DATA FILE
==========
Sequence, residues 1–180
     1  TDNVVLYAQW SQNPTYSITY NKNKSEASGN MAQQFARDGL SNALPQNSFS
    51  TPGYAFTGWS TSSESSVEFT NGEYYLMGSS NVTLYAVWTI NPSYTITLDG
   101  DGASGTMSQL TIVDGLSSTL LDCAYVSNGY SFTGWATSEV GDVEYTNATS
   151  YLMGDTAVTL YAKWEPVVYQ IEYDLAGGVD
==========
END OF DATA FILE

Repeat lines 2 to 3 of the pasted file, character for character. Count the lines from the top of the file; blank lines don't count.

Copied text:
     1  TDNVVLYAQW SQNPTYSITY NKNKSEASGN MAQQFARDGL SNALPQNSFS
    51  TPGYAFTGWS TSSESSVEFT NGEYYLMGSS NVTLYAVWTI NPSYTITLDG